The Wildhearts – “Dislocated”, disjointed, disappointed.

How does the new Wildhearts single “Dislocated” fare?

Bloat rock [bloht rock] Noun.
The music created by a band well past their best years that is typically characterised by auto-tuning to cover up missed notes, verses & choruses that go nowhere, and a lack of musical growth or innovation.

With The Wildhearts reuniting with old band member Danny McCormack and diving in to a new tour, it was definitely expected for them to record a new song or two to mark the occasion. The band are releasing their 9th studio album this May, “Renaissance Men”, the title of which gives hope for something new, revitalised, challenging even. So how does the band represent after a 10 year gap since their last album?

I started listening to the Wildhearts when I was 16, so I’m pretty clued-up when it comes to their discography and sounds. So I have to admit that my previous knowledge of their music has effected what I was expecting – hell, I think every one of their fans had an idea in their head of what a new album would sound like. Unfortunately “Dislocated”, the lead song from the album, doesn’t match expectations at all. It sounds very crowded. There’s a lot of hammed-up effects on the different instruments, resulting in it all coming together in to a sludge.

I think the song is suffering from an identity crisis – personally, I can’t tell what it’s trying to be. In the past The Wildhearts have been good at combining different styles together, but here the scratchy and strained vocals of the lead verse do not mesh well with with the quiet passage post-chorus. The guitar sound just feels very “cliche heavy band” to me – which, I sense the irony, but I suppose I was expecting something cleaner akin to their previous album, Chutzpah!, or even the heavy chug of their 2007 self titled album. I know The Wildhearts can be a bit of a guitar band at times, but I feel like I’ve heard this riff and set of effects countless times before.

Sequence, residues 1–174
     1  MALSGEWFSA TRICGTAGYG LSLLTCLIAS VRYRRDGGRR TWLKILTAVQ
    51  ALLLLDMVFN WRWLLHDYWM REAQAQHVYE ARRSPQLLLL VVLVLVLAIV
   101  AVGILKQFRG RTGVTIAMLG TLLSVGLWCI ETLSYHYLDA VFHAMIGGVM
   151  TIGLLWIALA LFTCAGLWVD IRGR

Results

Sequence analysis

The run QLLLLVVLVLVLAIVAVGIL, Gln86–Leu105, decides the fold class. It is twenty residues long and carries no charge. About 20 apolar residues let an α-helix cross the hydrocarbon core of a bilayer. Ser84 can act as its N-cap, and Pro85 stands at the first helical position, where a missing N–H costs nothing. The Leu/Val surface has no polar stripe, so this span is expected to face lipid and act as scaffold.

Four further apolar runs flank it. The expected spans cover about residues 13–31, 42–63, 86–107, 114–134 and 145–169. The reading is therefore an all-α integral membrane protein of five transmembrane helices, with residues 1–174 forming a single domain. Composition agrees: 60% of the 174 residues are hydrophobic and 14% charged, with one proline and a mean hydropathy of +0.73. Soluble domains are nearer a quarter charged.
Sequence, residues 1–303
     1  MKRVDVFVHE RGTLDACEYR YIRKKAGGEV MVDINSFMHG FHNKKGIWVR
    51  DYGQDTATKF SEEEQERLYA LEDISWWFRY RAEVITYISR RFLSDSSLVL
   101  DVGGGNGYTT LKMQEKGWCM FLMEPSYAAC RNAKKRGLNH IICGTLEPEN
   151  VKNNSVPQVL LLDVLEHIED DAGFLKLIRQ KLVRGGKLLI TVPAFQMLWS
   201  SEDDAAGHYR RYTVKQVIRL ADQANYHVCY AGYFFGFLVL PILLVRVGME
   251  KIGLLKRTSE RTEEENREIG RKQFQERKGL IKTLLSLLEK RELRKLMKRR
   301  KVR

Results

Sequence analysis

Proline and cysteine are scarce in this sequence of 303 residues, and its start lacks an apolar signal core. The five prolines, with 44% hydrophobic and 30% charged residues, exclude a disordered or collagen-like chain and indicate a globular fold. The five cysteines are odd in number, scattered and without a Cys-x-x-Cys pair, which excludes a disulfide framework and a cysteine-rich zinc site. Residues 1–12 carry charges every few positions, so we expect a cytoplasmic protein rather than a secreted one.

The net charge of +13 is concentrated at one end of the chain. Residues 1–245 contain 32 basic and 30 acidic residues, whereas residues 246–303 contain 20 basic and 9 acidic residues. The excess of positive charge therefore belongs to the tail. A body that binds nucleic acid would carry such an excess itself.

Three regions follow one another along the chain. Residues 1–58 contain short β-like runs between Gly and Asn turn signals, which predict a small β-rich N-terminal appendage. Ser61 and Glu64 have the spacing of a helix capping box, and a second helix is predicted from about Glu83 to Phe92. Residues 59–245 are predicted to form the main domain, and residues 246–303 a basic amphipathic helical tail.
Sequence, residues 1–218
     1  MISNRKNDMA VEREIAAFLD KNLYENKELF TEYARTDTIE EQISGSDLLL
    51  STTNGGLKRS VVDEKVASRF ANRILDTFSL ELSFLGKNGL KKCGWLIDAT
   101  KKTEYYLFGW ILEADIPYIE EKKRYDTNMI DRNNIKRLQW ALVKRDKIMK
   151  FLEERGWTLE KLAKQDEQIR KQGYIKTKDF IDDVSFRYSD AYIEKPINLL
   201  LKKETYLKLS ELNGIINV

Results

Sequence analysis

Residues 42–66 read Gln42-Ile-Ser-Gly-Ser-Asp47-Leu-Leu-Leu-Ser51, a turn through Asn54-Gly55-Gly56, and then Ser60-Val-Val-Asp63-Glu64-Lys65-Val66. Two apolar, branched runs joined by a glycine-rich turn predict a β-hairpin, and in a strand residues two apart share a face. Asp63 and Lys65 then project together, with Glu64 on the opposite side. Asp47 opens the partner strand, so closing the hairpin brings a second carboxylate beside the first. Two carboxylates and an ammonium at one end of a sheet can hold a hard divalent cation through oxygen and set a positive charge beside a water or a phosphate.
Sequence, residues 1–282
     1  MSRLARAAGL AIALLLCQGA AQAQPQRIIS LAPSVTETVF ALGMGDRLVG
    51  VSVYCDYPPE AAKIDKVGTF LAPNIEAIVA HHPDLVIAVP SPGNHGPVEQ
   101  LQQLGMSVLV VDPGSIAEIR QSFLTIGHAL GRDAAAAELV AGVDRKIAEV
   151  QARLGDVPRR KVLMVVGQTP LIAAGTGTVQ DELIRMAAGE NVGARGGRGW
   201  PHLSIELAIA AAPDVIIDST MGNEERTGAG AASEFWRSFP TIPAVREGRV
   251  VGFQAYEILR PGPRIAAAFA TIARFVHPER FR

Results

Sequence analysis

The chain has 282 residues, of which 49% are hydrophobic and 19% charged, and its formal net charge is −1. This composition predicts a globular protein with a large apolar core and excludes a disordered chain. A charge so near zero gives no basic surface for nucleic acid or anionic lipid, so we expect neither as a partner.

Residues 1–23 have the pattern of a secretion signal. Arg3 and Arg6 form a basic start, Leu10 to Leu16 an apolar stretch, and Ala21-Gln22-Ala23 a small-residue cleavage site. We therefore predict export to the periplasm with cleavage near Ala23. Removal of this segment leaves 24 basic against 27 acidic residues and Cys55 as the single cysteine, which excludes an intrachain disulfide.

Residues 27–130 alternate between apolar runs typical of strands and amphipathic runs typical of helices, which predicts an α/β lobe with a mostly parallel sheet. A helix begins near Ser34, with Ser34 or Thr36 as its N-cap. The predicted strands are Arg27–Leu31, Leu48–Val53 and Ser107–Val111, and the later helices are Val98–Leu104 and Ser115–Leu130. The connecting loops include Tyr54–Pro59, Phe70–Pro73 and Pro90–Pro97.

“Dislocated” is about the band members’ experiences with mental illness, such as depression and addiction, but saying “Yeah, the song sounds messy and disjointed because mental illness is messy” would just be reductive and insulting. But here’s hoping that Renaissance Men is hiding a gem or two somewhere behind this disjointed lead single.